This album sounds quite similar to “Forgotten Ruins”, except this time around he opted for nine shorter tracks.   It’s on this album too that LL takes some departures from the typical “dungeon exploration” vibe and starts to include other emotions and atmospheres (this progression also foreshadows how much of a departure stylistically his next album will be from his older stuff).   One of the best examples of this is the song “Fog of the Autumnal Forest”.   All the usual LL instrumentation is there (ominous synth atmospherics, that slightly annoying synth horn lead, the percussion), but this time around we also are treated to a beautiful, haunting grand piano that’s introduced at about a minute in and really takes the music to the next level.  As I was saying before about “neo-dungeon synth”, this is a great example of it!  It’s still definitely dungeon synth, but has also begun to forge its own path in terms of experimentation and incorporating other instrumentation and moods that would sound out of place on an old Mortiis record.   I don’t know if at this time Erang’s music was beginning to be an influence or not, but I would say this stuff sounds like a mix between the two, as around this time Erang’s stuff was arguably the most “neo” of neo-dungeon synth (in terms of experimentation and originality).   Other songs that stand out to me are “Majestic Temple of Engraved Fluorspar Crystals” (which kind of reminds me of the music for Zeal in Chrono Trigger) and “Trudging Beneath the Snow Covered Trees”.   The more I listen to this album, the more these songs seem like they would go well with a video game.Wandervogel des Waldes (2014)

One of my favorite dungeon synth albums of all time!   However, it’s far from perfect:
1.   It takes a few songs to really hit its stride.
2.   I don’t really like the Franz Schubert cover.
3,   I’m not really feeling the cover art compared to some of the earlier albums.
4.   I don’t like it when the percussion emulates a “real” drum kit (like around 5:00 in “The Necromantic Stronghold”, for example, and are all over his entire discography for that matter), which happens on several of the first few tracks.
5.   I still don’t like that synthesized horn that he uses all the time.   I don’t know why it bothers me, I guess to me it just sounds kind of “cheap” or slightly out of place.   It just doesn’t sound right, especially on this release where everything else sounds great!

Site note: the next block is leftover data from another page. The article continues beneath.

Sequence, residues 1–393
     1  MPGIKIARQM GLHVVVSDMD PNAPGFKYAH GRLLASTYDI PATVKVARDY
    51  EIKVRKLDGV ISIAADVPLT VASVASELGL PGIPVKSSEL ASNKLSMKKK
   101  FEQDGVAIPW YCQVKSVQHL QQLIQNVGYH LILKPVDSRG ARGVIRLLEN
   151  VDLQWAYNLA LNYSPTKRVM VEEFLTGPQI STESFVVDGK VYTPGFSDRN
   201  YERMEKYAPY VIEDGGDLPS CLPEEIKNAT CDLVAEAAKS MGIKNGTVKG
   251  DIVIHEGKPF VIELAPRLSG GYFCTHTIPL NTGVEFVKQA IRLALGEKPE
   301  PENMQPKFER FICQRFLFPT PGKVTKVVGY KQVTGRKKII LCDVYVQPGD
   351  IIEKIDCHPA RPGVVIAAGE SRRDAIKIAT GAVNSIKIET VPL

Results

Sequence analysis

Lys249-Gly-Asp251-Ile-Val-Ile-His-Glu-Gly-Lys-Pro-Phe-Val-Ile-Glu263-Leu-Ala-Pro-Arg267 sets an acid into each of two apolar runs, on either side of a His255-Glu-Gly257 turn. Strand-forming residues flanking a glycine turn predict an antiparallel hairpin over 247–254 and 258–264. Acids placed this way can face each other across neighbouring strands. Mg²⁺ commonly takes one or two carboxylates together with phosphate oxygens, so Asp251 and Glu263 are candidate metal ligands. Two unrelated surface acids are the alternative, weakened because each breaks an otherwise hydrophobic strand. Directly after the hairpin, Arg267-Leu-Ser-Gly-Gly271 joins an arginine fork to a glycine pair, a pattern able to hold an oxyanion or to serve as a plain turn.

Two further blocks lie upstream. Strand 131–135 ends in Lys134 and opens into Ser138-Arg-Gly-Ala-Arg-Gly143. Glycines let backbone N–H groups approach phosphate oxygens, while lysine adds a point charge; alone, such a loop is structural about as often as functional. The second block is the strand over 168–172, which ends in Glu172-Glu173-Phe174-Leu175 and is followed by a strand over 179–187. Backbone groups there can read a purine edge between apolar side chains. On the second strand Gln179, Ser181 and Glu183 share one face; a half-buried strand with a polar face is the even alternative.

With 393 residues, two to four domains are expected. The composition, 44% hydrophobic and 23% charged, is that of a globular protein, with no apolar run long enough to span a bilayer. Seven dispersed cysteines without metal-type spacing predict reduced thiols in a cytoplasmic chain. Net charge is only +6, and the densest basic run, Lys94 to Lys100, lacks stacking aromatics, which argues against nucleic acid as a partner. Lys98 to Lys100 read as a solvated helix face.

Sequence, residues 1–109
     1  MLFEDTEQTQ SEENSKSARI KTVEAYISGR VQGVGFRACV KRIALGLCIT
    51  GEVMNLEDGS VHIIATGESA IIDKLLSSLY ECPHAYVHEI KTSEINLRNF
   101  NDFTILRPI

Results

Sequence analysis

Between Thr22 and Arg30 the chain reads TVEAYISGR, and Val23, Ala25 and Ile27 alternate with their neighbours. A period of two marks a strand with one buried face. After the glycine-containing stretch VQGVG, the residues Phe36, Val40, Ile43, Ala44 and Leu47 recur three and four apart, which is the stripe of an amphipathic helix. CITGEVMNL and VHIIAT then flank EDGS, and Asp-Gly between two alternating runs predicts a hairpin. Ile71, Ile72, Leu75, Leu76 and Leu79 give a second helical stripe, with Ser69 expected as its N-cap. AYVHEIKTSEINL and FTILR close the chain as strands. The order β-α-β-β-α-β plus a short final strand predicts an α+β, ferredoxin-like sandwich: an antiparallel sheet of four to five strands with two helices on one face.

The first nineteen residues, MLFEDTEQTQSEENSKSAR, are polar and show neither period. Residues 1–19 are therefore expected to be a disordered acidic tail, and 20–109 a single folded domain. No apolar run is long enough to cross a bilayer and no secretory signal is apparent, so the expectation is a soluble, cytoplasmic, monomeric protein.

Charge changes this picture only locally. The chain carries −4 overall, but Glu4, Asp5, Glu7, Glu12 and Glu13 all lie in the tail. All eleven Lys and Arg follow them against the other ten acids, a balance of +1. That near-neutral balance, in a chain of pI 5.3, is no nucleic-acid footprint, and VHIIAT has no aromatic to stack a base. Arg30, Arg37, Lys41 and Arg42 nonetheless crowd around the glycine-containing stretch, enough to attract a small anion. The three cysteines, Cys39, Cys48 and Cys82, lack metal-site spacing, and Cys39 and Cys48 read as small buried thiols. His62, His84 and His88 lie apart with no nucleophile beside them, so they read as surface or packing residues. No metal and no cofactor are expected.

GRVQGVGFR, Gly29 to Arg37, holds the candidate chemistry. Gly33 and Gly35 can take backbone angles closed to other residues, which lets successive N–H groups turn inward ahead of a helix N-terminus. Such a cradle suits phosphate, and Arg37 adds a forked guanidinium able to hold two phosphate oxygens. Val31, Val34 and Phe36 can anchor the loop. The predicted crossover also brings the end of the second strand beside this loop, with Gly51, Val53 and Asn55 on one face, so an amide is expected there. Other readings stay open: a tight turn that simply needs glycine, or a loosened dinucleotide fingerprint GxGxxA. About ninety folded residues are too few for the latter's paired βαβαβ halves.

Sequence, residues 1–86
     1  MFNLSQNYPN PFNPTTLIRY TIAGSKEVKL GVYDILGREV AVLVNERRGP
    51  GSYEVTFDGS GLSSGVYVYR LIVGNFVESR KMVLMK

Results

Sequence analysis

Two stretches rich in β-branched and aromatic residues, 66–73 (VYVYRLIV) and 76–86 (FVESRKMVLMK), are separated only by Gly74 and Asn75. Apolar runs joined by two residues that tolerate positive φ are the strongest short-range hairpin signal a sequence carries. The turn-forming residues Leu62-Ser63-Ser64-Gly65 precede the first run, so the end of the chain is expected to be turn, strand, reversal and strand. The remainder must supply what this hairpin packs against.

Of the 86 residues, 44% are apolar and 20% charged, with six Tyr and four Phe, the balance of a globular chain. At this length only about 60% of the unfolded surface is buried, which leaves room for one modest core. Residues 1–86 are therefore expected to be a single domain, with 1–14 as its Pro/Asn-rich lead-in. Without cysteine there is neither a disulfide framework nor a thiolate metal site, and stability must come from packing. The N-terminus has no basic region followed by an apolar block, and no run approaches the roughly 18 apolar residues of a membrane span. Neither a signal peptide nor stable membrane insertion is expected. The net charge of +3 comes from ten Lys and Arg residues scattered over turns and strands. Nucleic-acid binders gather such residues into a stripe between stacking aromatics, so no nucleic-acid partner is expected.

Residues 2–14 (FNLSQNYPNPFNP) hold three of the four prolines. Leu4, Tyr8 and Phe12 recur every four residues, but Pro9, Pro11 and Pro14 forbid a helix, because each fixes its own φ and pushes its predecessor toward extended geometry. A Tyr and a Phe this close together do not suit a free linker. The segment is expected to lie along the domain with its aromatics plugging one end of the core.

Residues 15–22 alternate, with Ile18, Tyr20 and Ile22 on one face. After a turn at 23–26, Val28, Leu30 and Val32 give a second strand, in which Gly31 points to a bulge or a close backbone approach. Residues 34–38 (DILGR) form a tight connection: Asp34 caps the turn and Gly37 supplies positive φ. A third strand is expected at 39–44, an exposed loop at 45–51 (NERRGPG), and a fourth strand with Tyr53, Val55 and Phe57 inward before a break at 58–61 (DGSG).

BUT, it’s the three tracks on the second half of this release (starting with “A Hall of Trees”) that I was the most impressed with, and it really makes up for the first half.  Don’t get me wrong, the first half is still pretty good!  It’s got some cool melodies and atmospherics, plus I really dig the harpsichord and other new effects that made their debut on this album.   However, the second half is where the true strength of this album lies.   It’s actually about halfway through the fifth track, “Naught but Seas and Rains” that the album begins to transform, around the 4:00 mark.   The change in sound and tone seems to almost give a preview of what’s to come in terms of style and atmosphere (and overall quality) on the following tracks–   “Hall of Trees”, “The Mead Hearth”, and “The Overgrown Belfry”, all being brilliantly executed and LL’s best songs to date.   Absolutely genius stuff.   “Waldervogel”‘s not too bad either, but not quite as good as the others.

Also, with this album the sound quality has also really improved drastically compared to his earlier material.   The orchestral synthesized strings sound amazing.    I also really love that he scaled back that mildly annoying, cheap-sounding synth horn that I keep talking about (it still pops up every now and then, and is prominent in a few of the songs (such as “Mithril Mines” or “Icebound”).  It’s obvious with this release that LL’s music has drifted even further away from the old-school dungeon synth style, similar to Erang’s “experimental” latest album, “We Are the Past”, which also came out around the same time.

Overall, this album is as creative, evocative, and inspiring to the imagination as anything else out there within the genre.   I still have a tough time making up my mind as to whether or not this was the best dungeon synth album of 2014 (so far it’s between either this or Erang’s “Within the Land of My Imagination I am the Only God”).   I can’t wait to see what Crow has in store for us in the near future!!

Listen and support Lord Lovidicus’ music: https://lordlovidicus.bandcamp.com/
Keep updated about Lord Lovidicus: https://www.facebook.com/LordLovidicus
Lord Lovidicus’ Youtube Channel: https://www.youtube.com/user/CrowHavenBM
Mithrim Records: http://mithrimrecords.bandcamp.com/